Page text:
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South Sudan: SPLA-IO Denies Involvement in Akobo Poaching

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The SPLA-IO has denied the involvement of its officers in the massacre of wild animals in Akobo County of Jonglei State.

On Thursday, the South Sudanese Ministry of Wildlife and Tourism revealed that the poachers who gunned down wild animals in the terrains of Akobo are members of the organized forces.

They reportedly killed the wild animals in April.

Minister Rezik alleged that the animals were killed in the SPLA-IO controlled areas of Akobo County.

He says they are investigating the incident together with high ranking SPLM-IO officials to bring the suspects to book.

However, Puok Both Baluang who is the spokesperson for the First Vice President says he could not confirm if the poaching occurred in their areas.

“We have no information about the poaching of animals in that area, and whether it is true or false,” Puok Both told Eye Radio.

“We don’t have information about the news about animal hunting in an area alleged to be under the control of the SPLM-IO, but we are waiting for the report or investigation that the national ministry is carrying out with the local authorities in Jonglei State and Akobo County,” he added.

Pouk Both says there has been a constitutional vacuum in Akobo County since the dismissal of their commissioner and the appointment of another.

According to him, the area is under SPLM in the unity government.

However, he said he condemned the poaching and called for a speedy investigation.

“We condemn the poaching of animals, especially as they are part of our reserves in South Sudan, and the animals help in the ecological balance of our country,” he said.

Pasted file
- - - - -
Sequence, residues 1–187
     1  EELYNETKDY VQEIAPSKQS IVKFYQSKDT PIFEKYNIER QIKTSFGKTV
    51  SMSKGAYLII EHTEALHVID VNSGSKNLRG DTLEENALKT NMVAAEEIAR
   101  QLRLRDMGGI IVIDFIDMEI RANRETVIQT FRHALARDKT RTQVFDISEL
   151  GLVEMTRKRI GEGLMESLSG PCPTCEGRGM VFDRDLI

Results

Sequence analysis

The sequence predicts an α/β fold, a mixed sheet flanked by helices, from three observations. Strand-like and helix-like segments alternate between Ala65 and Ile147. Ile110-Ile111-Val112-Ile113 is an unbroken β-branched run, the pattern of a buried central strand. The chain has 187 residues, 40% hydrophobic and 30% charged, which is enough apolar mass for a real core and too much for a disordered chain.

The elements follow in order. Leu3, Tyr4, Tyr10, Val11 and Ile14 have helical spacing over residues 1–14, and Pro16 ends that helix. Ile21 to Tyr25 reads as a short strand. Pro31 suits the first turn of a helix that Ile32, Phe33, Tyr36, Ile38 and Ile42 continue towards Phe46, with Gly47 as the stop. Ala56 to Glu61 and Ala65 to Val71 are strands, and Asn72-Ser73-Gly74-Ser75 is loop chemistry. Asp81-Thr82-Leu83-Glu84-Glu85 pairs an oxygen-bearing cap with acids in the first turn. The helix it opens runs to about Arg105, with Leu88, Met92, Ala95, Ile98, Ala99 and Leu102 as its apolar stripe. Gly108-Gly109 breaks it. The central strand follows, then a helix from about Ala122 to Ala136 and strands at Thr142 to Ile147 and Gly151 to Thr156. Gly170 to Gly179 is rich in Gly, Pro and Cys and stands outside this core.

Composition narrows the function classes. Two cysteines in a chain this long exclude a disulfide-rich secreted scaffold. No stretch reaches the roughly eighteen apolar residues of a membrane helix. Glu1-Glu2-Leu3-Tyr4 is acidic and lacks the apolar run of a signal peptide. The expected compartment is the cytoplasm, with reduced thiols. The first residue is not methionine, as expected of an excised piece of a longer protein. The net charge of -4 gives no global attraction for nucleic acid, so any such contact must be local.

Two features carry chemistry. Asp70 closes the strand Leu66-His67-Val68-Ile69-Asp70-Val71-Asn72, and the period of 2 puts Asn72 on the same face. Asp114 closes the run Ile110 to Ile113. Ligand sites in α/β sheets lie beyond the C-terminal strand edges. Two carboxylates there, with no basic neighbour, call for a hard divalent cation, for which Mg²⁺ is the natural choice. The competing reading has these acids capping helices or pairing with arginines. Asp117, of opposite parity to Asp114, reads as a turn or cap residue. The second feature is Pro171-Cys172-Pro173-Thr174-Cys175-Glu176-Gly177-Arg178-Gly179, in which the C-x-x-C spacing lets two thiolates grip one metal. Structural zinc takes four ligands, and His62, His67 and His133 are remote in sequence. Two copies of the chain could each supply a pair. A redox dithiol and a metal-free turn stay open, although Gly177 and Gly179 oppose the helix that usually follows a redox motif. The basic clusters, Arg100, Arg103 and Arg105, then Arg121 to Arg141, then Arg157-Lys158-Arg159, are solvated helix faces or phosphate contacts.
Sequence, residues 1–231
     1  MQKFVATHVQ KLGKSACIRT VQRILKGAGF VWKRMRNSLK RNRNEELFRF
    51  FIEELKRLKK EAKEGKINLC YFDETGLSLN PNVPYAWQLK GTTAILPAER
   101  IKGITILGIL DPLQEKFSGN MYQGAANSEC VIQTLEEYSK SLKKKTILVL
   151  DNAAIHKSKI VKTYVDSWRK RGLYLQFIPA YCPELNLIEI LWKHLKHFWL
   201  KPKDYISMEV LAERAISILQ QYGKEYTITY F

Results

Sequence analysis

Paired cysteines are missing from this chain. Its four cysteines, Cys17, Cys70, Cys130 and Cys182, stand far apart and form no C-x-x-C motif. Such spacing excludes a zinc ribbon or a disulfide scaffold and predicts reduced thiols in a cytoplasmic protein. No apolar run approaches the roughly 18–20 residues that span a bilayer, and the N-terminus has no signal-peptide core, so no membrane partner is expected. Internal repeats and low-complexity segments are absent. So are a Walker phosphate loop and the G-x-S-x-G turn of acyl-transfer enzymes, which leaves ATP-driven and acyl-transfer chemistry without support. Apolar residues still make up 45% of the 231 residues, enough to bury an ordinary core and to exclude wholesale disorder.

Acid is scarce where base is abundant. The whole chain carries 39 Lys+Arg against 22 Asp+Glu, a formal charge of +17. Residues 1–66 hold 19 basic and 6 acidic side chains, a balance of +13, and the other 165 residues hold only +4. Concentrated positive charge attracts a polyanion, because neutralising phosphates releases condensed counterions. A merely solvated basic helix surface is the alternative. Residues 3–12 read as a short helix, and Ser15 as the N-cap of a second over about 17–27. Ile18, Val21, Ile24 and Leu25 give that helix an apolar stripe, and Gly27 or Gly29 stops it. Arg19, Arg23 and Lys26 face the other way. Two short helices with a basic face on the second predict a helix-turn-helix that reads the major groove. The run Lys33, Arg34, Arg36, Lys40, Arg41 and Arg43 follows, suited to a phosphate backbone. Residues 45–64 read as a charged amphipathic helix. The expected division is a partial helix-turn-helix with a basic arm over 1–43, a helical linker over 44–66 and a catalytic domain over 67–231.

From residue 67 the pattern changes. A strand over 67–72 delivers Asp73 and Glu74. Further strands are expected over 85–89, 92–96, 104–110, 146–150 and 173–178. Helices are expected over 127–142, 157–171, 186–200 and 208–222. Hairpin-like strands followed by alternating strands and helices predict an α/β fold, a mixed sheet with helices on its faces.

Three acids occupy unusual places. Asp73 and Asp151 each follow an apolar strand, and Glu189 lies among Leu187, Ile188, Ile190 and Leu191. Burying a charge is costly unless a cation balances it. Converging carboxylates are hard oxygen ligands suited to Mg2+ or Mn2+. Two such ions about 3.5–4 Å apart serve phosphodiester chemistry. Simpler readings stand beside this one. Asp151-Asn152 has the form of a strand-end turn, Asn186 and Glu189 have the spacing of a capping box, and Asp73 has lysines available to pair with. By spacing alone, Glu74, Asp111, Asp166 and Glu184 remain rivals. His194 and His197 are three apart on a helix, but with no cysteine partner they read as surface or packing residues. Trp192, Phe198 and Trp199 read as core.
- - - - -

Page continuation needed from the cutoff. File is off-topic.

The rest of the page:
Photos posted online under the username ‘Kim Wiyual’ depicted three armed men proudly standing beside dead wild animals including an elephant, a giraffe, and a pregnant buffalo.

The Facebook user pictured himself among the carcasses of a number of wild animals under the caption, ‘I Kim Wiyual in the wilderness.’

The photos went viral and shocked social media users who demanded tougher action against poaching.

South Sudan has six national parks and 13 game reserves with over 300 mammal species, in an area of more than 13 percent of the country’s terrain.

However, the country’s wildlife population is dwindling due to rampant poaching in the country.

Conservationists say, since the start of the 2013 conflict, there has been an increased killing and trafficking of wildlife by armed actors including the government and opposition forces as well as armed civilians.

Minister Hassan said the majority of people in the far-flung areas of the country do not see it as a crime.

Wildlife poaching is a punishable crime under the national and international law.

Recently, the United States government announced in a statement a million dollar reward for an information leading to the arrest of two wanted wildlife traffickers.

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